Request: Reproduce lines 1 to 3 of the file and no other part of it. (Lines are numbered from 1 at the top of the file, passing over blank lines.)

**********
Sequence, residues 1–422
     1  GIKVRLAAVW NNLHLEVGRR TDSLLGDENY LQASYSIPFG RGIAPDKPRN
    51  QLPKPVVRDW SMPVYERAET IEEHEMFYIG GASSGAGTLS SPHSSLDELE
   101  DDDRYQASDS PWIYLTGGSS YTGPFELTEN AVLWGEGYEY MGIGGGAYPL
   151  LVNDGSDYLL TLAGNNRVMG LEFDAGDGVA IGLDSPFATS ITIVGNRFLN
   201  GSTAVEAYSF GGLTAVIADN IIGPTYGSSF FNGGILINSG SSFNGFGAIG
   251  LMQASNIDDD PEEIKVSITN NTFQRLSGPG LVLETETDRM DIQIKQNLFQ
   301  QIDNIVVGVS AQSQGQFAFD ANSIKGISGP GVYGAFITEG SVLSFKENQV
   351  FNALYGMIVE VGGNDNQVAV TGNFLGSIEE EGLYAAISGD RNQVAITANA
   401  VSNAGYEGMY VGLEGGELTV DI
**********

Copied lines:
Sequence, residues 1–422
     1  GIKVRLAAVW NNLHLEVGRR TDSLLGDENY LQASYSIPFG RGIAPDKPRN
    51  QLPKPVVRDW SMPVYERAET IEEHEMFYIG GASSGAGTLS SPHSSLDELE